• Explore and document developments in biotechnology through a holistic approach that considers science within a social, cultural, ethical, and environmental context.[who said this?]
  • Serve as a global knowledge resource, providing information and education about the potential impact of new and emerging biotechnologies.[who said this?]
  • Develop concrete policy solutions to address what CRG feels are emerging issues in biotechnology.[who said this?]
  • Mobilize and collaborate with scientists and other organizations to inform the public and promote democratic control of science.[who said this?]
  • Expose what CRG views as over-simplified and distorted claims regarding the role of genetics in human disease, development and behavior.[who said this?]
Notable Projects Description
Genetic Bill of Rights a set of guidelines to aid in the understanding of CRG's viewpoint on the ethical, legal, social, and environmental implications of biotechnology, meant to foster discussion on the values CRG feels are at risk due to advancing genetic technologies
Race and Genetics a project including briefing papers and community workshops on various areas where race and genetics intersect, such as racialized medicine, race in science, and racial profiling in DNA databases
Gene Myths a series of articles disputing what CRG feels are exaggerated and misrepresented ideas about the power of genetic technologies
Forensic DNA a discussion on the use and regulation of forensic DNA databases with concern for privacy and civil rights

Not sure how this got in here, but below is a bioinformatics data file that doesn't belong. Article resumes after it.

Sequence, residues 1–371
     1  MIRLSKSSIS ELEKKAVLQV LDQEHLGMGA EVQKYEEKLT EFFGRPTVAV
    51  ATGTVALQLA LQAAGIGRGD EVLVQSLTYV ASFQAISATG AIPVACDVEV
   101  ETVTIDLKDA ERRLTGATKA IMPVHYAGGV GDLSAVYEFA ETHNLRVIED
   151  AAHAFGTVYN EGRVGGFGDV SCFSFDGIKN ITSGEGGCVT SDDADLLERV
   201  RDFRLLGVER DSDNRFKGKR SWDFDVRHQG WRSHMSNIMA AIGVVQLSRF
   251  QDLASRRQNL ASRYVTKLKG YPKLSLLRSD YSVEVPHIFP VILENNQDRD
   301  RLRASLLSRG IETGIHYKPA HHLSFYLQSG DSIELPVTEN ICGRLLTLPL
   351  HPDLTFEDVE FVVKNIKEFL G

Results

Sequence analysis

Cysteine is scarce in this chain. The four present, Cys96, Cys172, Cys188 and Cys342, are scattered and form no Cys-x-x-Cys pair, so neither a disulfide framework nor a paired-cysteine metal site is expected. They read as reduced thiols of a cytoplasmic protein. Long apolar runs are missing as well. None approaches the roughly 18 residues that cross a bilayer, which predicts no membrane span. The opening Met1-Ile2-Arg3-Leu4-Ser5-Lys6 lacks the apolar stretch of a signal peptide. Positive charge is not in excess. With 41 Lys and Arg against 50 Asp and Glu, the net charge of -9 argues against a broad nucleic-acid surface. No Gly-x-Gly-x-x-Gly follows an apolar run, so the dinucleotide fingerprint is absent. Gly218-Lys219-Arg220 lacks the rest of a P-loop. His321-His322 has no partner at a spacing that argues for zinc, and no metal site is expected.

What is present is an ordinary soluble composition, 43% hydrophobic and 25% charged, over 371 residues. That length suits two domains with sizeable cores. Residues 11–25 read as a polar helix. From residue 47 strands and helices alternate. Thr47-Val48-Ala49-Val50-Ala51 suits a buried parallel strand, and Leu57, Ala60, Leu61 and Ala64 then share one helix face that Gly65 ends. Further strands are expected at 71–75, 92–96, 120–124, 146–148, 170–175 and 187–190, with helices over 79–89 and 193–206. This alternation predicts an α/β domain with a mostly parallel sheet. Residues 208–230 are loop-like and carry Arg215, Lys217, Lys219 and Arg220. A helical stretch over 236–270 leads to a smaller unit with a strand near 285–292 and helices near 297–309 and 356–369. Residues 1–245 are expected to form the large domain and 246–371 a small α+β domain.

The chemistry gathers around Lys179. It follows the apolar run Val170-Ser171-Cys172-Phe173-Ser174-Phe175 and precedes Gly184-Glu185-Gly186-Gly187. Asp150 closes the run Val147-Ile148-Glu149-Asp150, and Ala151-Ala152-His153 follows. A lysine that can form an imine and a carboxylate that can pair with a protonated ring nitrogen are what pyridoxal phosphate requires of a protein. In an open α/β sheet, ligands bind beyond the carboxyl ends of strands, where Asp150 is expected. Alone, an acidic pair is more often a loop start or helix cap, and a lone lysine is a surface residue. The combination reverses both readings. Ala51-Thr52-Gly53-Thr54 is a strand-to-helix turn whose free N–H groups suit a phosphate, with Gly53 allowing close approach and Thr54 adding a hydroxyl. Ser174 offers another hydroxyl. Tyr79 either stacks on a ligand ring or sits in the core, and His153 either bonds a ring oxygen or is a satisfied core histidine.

The pioneering contributions of CRG to public interest initiatives concerned with appropriate use of biotechnologies are recounted in the book Biotech Juggernaut: Hope, Hype, and Hidden Agendas of Entrepreneurial Bioscience (Routledge, 2019).


The CRG publishes Genewatch,[5] America's first and (according to CRG in 2009) only magazine dedicated to monitoring biotechnology's social, ethical and environmental consequences. The publication covers a broad spectrum of issues, from genetically modified food to biological weapons, genetic privacy and discrimination, reproductive technology, and human cloning.[1] Established in 1983,[6] the publication won the Utne Independent Press Award for General Excellence in the category of newsletters in 2006.[7]


A major source of CRG's funding is the Ford Foundation, which provided $420,000 in grants during 2005-2007.[8]

See also[edit]


  1. ^ a b c d e f g h i j "Council for Responsible Genetics". Retrieved 2009-05-29.
  2. ^ "Broadening Our Perspective". Retrieved 2009-05-30.
  3. ^ "Position Paper on Human Germ Line Manipulation Presented by Council for Responsible Genetics, Human Genetics Committee Fall, 1992". Human Gene Therapy. 4 (1): 35–37. 1993. doi:10.1089/hum.1993.4.1-35. PMID 8461382.
  4. ^ "UC Berkeley Backs Off Gene-Test Program for Students". 25 June 2019. Retrieved 25 June 2019.
  5. ^ "GeneWatch". Archived from the original on 2012-09-05. Retrieved 2012-08-08.
  6. ^ "Council for Responsible Genetics". Tufts Digital Library. Retrieved 2018-09-17.
  7. ^ "Winner of the Utne Independent Press Award for General Excellence: Newsletters". Utne Reader. January 2007. Retrieved 2008-09-11.
  8. ^ "Grant Search Results". Ford Foundation. Retrieved 2008-09-11.[permanent dead link]

External links[edit]